I live in Seattle. There used to be this spooky old abandoned school next to I-90 East, and every time I passed it I thought how sad it was that someday, someone was going to tear it down and build condos. Because the place just oozed personality. It looked authoritarian and cranky.
But, lo and behold, the city held onto it and transformed it into the Northwest African American Museum, and it looks pretty much the way it always has, without the boarded up windows.
I took the following photo this past spring, and over the course of this post I’ll explain how the picture - or rather the process of taking it - helped defeat a particularly nasty case of writer’s block.
Just before my birthday this year, I found out my science fiction romance manuscript, Ghost Planet, was a finalist for RWA’s Golden Heart award. Shortly before that, I had signed with an agent. Soon we’ll be submitting to editors. This is a terrific place to be.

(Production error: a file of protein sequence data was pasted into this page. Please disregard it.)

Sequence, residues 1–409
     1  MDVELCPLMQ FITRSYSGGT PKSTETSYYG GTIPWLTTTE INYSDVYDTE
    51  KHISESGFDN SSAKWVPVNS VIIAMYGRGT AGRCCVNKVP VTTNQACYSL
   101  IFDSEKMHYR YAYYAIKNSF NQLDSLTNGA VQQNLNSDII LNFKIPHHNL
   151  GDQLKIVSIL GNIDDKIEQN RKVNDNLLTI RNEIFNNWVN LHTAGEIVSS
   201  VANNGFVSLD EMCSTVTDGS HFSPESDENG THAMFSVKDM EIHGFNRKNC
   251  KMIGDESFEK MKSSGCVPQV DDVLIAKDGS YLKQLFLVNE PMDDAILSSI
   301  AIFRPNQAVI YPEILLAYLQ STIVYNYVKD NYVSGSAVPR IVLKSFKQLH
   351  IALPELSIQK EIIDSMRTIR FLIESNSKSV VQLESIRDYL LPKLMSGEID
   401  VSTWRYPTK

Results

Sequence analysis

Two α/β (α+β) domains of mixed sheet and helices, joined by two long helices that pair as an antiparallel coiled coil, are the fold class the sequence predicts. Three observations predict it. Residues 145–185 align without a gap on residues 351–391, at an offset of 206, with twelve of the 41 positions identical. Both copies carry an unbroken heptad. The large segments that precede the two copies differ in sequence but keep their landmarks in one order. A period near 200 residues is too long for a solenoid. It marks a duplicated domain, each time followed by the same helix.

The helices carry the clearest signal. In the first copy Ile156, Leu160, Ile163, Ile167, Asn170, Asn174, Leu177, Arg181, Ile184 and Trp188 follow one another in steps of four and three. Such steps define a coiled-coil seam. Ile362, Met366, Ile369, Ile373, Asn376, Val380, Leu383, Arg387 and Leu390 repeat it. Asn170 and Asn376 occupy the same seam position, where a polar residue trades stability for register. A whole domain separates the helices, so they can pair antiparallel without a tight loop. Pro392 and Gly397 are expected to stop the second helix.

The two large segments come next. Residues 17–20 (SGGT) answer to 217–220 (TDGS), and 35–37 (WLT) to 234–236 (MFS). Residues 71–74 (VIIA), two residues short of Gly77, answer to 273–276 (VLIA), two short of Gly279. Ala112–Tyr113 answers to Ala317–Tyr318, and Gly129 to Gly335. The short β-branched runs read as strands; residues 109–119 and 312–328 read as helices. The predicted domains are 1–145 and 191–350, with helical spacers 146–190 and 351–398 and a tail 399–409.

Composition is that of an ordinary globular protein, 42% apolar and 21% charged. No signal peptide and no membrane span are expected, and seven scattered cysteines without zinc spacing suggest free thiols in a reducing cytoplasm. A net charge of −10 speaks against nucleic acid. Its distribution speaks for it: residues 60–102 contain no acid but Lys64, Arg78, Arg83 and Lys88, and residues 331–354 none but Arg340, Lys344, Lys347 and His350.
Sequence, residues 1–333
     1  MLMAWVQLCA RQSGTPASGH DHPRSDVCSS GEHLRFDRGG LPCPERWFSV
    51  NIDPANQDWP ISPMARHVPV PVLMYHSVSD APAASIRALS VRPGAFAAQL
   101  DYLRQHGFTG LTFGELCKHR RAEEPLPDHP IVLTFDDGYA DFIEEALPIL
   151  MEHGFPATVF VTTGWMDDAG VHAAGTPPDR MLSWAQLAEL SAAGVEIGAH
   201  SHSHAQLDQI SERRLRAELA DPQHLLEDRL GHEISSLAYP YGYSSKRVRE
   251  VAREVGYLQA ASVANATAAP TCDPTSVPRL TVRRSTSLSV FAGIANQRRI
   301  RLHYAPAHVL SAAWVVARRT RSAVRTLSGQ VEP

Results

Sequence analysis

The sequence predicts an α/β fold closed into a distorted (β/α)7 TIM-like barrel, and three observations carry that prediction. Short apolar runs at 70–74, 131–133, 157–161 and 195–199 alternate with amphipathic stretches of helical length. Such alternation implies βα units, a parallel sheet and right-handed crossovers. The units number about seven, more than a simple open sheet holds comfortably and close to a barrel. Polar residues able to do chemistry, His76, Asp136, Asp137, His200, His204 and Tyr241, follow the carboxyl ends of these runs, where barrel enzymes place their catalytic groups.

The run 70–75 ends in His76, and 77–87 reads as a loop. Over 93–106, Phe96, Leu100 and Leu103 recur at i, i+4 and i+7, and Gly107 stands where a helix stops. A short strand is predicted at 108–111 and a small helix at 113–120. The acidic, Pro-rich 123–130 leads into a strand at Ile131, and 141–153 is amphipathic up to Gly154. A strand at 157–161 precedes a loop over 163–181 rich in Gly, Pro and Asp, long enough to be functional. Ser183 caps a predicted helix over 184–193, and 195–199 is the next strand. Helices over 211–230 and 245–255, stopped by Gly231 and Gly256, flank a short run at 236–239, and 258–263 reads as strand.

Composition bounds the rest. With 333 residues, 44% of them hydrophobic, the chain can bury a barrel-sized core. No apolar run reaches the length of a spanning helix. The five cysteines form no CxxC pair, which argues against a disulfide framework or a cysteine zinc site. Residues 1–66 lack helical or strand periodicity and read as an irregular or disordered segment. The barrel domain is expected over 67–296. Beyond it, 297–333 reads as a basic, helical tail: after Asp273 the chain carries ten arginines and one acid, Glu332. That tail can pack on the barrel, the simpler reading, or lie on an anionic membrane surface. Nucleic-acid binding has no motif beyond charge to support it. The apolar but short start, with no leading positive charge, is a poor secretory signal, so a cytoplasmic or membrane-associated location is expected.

But it’s also a hard place to be. A celebratory, hopeful sort of limbo. All your dreams tied up in a much-loved manuscript you are DYING to share with other people, if someone will pretty-please-with-sugar-on-top-and-did-I-mention-I-will-name-a-child-after-you give it a chance.
With each step in the writing and publishing process, there is waiting. And more waiting. And extra helpings of waiting. The best thing you can do to maintain your sanity is - buy whole cases of wine so you get the 10% discount. But that’s not so good in the long-term, so eventually you have to sit down in the freakin’ chair and start again.